9. jp498

    jp498 Member

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    I have used the silvered anti-static bags that computing parts come in for ND, and kept it on the flash with scotch tape for diffusion. Works great. A well place finger over the flash lens works too but can cause a color cast with color photography.
     
  10. kadath

    kadath Member

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    I could use diffusion, but I still don't get how that will reduce the light on an automatic flash. If I reduced the light by two stops say, won't the flash compensate by shooting until it reads the full light value? I'm guessing this would be on manual, but then I think it will would be an 8 stop difference (guide number 20), and I have no idea how to diffuse that much light. I guess what Mike was saying was the most likely to work, by redirecting some of the light directly to the sensor. For the manual flashes, like the Vivitar, they're at a guide number of 120, so a 5 stop reduction (in manual mode) in power output would still not reduce the light enough.

    And the ISO on the vivitar only goes to 400 doesn't it? Are there any that go to 1600-3200?

    The purpose of all this is occasionally when I'm using colour film under mixed lighting, I like to get a touch of daylight balanced fill in the foreground. My current (poor man's) solution is just to shoot black and white.
     
  11. mgb74

    mgb74 Subscriber

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    Reducing the light itself (via ND or diffusion) doesn't change the light output as controlled by the auto sensor. As you say, the sensor will compensate by allowing the flash tube to deliver more light.

    Directing more light directly to the sensor will "fool" it into thinking the subject has enough light and will cause the flash tube to deliver less light.

    Changing the ISO will also "fool" the sensor into thinking the subject has enough light for the film speed it "thinks" you're using. This, as you suggest, only works if you can dial in a faster ISO than the film you're actually using.


    I took a quick look and all my really small flashes do max out at 400 on the dial. My Vivitar 3500 does go up to 800.
     
  12. MattKing

    MattKing Subscriber

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    Changing the ISO on an automatic flash doesn't have any effect on the light output. All it does is change the aperture that the flash tells the photographer to set on the camera.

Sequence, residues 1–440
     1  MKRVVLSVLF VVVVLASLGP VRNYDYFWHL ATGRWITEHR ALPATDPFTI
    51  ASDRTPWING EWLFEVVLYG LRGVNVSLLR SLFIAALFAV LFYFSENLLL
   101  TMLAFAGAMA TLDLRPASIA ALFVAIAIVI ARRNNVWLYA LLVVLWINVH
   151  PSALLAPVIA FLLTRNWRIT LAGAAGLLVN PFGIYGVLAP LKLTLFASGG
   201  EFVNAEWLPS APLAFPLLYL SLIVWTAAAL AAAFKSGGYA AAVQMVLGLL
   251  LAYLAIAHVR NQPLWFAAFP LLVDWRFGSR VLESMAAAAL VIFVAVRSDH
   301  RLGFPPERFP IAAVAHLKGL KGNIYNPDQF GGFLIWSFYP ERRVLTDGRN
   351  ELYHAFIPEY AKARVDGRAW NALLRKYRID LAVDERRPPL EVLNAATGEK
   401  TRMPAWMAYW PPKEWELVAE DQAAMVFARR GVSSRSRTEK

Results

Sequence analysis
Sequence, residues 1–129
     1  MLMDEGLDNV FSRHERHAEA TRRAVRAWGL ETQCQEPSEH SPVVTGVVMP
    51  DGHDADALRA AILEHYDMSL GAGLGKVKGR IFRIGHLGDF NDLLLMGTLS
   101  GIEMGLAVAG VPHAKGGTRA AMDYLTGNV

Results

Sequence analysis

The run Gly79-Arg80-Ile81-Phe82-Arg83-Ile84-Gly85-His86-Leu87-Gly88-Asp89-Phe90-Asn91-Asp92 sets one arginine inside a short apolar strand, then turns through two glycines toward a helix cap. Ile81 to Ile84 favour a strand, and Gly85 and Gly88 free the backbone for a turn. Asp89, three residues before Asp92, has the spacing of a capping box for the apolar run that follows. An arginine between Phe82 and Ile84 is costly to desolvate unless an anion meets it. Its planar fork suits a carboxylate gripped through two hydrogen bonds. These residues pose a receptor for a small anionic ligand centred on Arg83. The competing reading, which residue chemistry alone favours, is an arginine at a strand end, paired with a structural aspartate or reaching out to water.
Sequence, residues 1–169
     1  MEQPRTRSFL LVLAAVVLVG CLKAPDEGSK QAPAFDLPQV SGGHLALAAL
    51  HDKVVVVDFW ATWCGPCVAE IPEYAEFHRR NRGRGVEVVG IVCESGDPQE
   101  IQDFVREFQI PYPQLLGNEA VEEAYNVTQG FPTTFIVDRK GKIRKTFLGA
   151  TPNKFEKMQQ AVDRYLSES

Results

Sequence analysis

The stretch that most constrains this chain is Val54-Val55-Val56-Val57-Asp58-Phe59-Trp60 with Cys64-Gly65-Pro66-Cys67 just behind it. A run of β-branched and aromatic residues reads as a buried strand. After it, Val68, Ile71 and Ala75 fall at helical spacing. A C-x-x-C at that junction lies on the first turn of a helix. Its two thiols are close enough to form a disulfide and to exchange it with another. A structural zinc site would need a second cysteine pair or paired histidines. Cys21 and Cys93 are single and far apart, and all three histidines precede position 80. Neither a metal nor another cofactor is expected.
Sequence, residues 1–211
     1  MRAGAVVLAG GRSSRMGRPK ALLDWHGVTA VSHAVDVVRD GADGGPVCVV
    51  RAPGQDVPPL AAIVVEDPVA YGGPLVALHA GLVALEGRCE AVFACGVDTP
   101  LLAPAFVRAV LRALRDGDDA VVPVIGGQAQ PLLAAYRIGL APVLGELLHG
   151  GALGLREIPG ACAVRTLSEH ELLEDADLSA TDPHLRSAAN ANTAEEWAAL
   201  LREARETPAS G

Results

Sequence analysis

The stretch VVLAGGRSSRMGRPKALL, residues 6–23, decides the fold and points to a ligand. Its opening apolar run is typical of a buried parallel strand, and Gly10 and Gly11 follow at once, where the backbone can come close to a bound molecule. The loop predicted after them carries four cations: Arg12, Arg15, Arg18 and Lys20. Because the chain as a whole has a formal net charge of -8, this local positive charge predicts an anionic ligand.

If the auto flash has more than one range (eg a "Red" range, a "Blue" range and a "Yellow" range) than the choice of range will affect the light output. If you choose the range that suggests the largest aperture, but shoot at a smaller aperture, you will get less light output than would normally be needed for full illumination.

    A heavily diffused and bounced flash on manual is probably the best bet - with a flash meter.

    Matt
     
  13. 2F/2F

    2F/2F Member

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    There is no point in using a fully automatic flash for fill light, unless is can be specifically set to do such. The flash exposure will always be wrong unless it is controlled manually, or with an auto fill light setting.

    You are better off with a hot lamp filtered to match the main light if all you have is an automatic flash.
     
  14. John Koehrer

    John Koehrer Subscriber

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    Although the Vivitar ISO maxes out at 400, if you have the VP-1 for the 283 you can still reduce the output by 5 f-stops.
    The 285 has the VP module built in.
     
  15. kadath

    kadath Member

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    I've just found information on the leica sf24d, which seems like the most versatile flash I've seen, with all apertures from f2-11, ISO 25-800 and +/-3 f-stops, all in automatic mode. Anyone used this? I was considering selling some of my old canon eos stuff, so I might be able to afford it 2nd hand.
     
  16. Denis R

    Denis R Member

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    flash

    you said the C-word, I'll say the N-word :wink:

    1. Nikon SB-11 ISO 25 - 800 f 2 - 32 max power gn 120 @ iso 100
    max power only in manual, adjustable power in auto. with sensor unit su-2

    2. Sunpak 522 ISO 25 - 1600 f 2.8 - 22 max power gn 120 @ iso 100
    max power to 1/64 in manual, adjustable in auto.

    both are handle mount bouncers

    seems it's easier to get less light from a large flash unit than more from a small one